Portfolio Help for a Teacher

Have a question about your personal investments? No matter how simple or complex, you can ask it here.
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dillybar1999
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Joined: Wed Apr 09, 2008 11:45 am

Portfolio Help for a Teacher

Post by dillybar1999 »

Thank you in advance for your help!

I am a 39m year old teacher 20 years from retirement. The breakdown is as follows:

Emergency fund: 3 months

Debt: mortgage-owe 94000, worth 155000, I add another 300-400 to the mortgage each month; no other debt

Tax: single

Tax rate: 25% federal and 3% Illinois state tax

39 years old

Asset allocation: 60% stock, 40% bond

International allocation: not sure here-should it be 50% of stocks?


Current Portfolio:

Taxable
40% Vanguard Prime Money Market Fund (VMMXX) (.24%)
20% Vanguard Short-Term Investment-Grade Bond Fund (VFSTX)
(.21%)
40% Vanguard Total Stock Market Fund (VTSMX) (.15%)

Total-
$20,000 dollars


Roth IRA
100% Vanguard Star Fund (VGSTX) (.32%)

Total-
25,000 dollars

Note: All totals rounded and accurate as of Oct. 11th. P.S.-Of course the amounts were much high two weeks ago.

Pension through work: I put 9% in, no choice where month goes. At this time I will be receiving about 65-70% of my last three year average salary when I retire in 20 years. Right now that is about $75,000-$80,000 a year so I should get about $50,000 a year starting in 20 years and it will be for the rest of my life. Unfortunately, social security, which I put in for almost 20 years, will apparently be lessened as a result of this pension.

Annual contributions: I plan to put about $700 to $1000 a month into my taxable account and $450 roughly to fund the Roth IRA each month.

Questions:

I want to re-balance this weekend. I'm one to plan thoroughly and sit back and leave alone. I've had my Roth IRA for 6 years and the Star fund has been the only fund in the account. I've read much over the years, but would still appreciate some advise.

I'm debating if I should add Tips (VIPSX), Reits (VGSIX), FTSE All-World ex-US Index (VFWIX)?

What should go in my taxable?

What should go in my Roth IRA?

Thank you for your time!

Scott Dillard
Pangloss
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Joined: Sun Mar 04, 2007 9:57 pm

Post by Pangloss »

Hi Scott.

Bonds should be in the Roth and stocks in the taxable account. I would probably aim for something like this:

20% FTSE all-world ex-US (taxable and Roth)
30% Total Stock Market (taxable)
10% REIT (Roth)
20% TIPS (Roth)
20% Total Bond Market (Roth)

Having part of you allocation to the FTSE index in taxable and part in Roth will make rebalancing easier. Also, I think you could get along about as well without the REIT fund. It's a pretty volatile fund lately, and if that bothers you, don't add it to the portfolio. You can add that 10% allocation to the total stock market index fund. Regarding the TIPS and FTSE funds, I would absolutely include those holdings in the portfolio. Good luck.
YDNAL
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Location: Biscayne Bay

Re: Portfolio Help for a Teacher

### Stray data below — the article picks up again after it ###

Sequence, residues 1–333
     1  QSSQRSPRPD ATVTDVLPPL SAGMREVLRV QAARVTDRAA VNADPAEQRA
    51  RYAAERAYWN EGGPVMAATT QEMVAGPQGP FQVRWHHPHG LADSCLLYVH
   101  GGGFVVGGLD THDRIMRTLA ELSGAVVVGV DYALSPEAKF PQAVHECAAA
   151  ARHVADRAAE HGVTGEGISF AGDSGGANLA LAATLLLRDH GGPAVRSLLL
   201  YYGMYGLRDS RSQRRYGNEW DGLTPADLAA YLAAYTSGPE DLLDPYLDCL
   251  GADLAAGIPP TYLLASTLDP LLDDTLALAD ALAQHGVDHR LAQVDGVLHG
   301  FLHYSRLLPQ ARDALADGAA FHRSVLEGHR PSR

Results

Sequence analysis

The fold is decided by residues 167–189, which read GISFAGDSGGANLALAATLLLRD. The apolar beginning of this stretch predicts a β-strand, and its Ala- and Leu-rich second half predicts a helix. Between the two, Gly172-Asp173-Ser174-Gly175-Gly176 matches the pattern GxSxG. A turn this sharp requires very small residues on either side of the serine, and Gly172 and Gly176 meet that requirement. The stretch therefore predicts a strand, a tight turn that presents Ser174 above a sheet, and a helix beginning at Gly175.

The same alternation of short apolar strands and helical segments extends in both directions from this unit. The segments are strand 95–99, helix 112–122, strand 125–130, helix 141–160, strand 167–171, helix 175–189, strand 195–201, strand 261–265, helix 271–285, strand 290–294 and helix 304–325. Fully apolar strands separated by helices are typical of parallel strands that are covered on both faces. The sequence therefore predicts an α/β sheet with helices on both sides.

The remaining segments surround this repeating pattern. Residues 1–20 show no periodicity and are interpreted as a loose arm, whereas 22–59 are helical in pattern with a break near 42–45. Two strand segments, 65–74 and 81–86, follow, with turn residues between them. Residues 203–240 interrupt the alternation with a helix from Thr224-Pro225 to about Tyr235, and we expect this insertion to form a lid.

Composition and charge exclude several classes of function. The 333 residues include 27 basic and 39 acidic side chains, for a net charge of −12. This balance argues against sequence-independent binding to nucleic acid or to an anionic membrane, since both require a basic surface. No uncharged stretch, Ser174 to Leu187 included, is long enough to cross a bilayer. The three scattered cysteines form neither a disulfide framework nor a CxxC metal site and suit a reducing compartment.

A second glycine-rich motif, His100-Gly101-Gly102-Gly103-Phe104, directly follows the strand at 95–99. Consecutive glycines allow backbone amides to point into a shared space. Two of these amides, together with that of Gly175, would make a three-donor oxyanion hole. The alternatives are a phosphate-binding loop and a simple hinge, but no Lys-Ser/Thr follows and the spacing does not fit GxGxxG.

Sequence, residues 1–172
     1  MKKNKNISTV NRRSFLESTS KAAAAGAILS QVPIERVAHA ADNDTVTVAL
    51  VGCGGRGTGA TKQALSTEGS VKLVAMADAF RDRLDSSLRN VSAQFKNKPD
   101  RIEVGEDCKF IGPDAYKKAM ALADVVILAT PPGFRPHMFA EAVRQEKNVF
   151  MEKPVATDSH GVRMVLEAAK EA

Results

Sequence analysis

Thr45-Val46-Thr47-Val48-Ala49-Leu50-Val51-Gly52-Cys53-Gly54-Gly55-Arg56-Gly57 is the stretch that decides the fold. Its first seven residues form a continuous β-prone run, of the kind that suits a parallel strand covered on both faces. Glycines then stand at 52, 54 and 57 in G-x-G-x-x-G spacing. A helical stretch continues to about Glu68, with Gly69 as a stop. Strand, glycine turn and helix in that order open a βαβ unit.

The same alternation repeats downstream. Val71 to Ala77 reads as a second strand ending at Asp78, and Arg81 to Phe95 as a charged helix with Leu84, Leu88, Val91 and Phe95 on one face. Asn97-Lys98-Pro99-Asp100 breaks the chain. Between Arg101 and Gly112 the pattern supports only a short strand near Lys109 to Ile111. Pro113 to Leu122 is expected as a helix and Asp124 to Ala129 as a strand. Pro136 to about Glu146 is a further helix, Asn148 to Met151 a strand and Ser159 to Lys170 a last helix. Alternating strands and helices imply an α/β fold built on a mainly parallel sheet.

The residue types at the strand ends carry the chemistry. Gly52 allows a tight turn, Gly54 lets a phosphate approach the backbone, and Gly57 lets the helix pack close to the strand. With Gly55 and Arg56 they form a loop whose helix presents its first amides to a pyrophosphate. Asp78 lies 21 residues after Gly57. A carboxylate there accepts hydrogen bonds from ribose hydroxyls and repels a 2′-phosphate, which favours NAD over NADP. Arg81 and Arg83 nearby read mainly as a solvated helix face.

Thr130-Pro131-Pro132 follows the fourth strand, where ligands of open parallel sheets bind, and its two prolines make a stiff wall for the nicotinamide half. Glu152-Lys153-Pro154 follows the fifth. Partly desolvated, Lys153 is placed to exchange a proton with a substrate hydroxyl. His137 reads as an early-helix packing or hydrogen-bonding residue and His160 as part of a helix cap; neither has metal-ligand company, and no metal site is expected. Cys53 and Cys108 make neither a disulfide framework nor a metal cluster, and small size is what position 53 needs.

Post by YDNAL »

dillybar1999 wrote:Tax rate: 25% federal and 3% Illinois state tax
39 years old
Asset allocation: 60% stock, 40% bond
International allocation: not sure here-should it be 50% of stocks?
Annual contributions: I plan to put about $700 to $1000 a month into my taxable account and $450 roughly to fund the Roth IRA each month.
Dillybar,

Welcome to the forum.

You are paying too much in taxes by having taxable Bonds/Cash in a Taxable account. Consider this.

Current Portfolio:

Taxable
44.4% Vanguard Total Stock Market Fund (VTSMX) (.15%)

Roth IRA
15.6% Vanguard Total International Stock Index Fund (VGTSX) (.27%)
20% Vanguard Short-Term Investment-Grade Bond Fund (VFSTX) (.21%)
20% Vanguard Short-Term Treasury Fund Investor Shares (VFISX) (.22%)

100% Total ($45K)

You can sell VFSTX in Taxable* and I would buy it in Roth NOT to lock-in losses. Then, complement with Treasuries to complete a 50/50 Treasury/Corporate mix in your Bonds. Otherwise, the ST Bond Index (VBISX) or IT Bond Index (VBIIX) would be preferred for the entire 40%.

Hope that works.

* possibly at a loss since its price has been hit pretty hard this year.

Regards,
Landy
Landy | Be yourself, everyone else is already taken -- Oscar Wilde
retiredjg
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Joined: Thu Jan 10, 2008 12:56 pm

Post by retiredjg »

Scott, I think Pangloss has given you a good portfolio suggestion. I have comments on a couple of things
International allocation: not sure here-should it be 50% of stocks?
Probably not for you. 50% is at the aggressive end of the range we usually see here (20% to 50%) and would be out of step for what seems to be your investing style which is more mid-range to conservative. Pangloss put you at 33% of equity which is more middle of the road.
Unfortunately, social security, which I put in for almost 20 years, will apparently be lessened as a result of this pension.
I don't think so. Your SS will be based on your highest paid years of working a job that contributes to SS. If you are currently making FICA contributions, your highest years will most likely be your last teaching years. So, nothing lost. If you are not currently making FICA contributions, your SS will be based on the years you did make FICA contributions. Again, nothing lost since you didn't contribute the last 20 or so years.

You pension possibly will, however, make more of your SS taxable, assuming the laws don't change by then. Hope this was not too confusing an explanation. jg
krmann
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Windfall Elimination Provision

Post by krmann »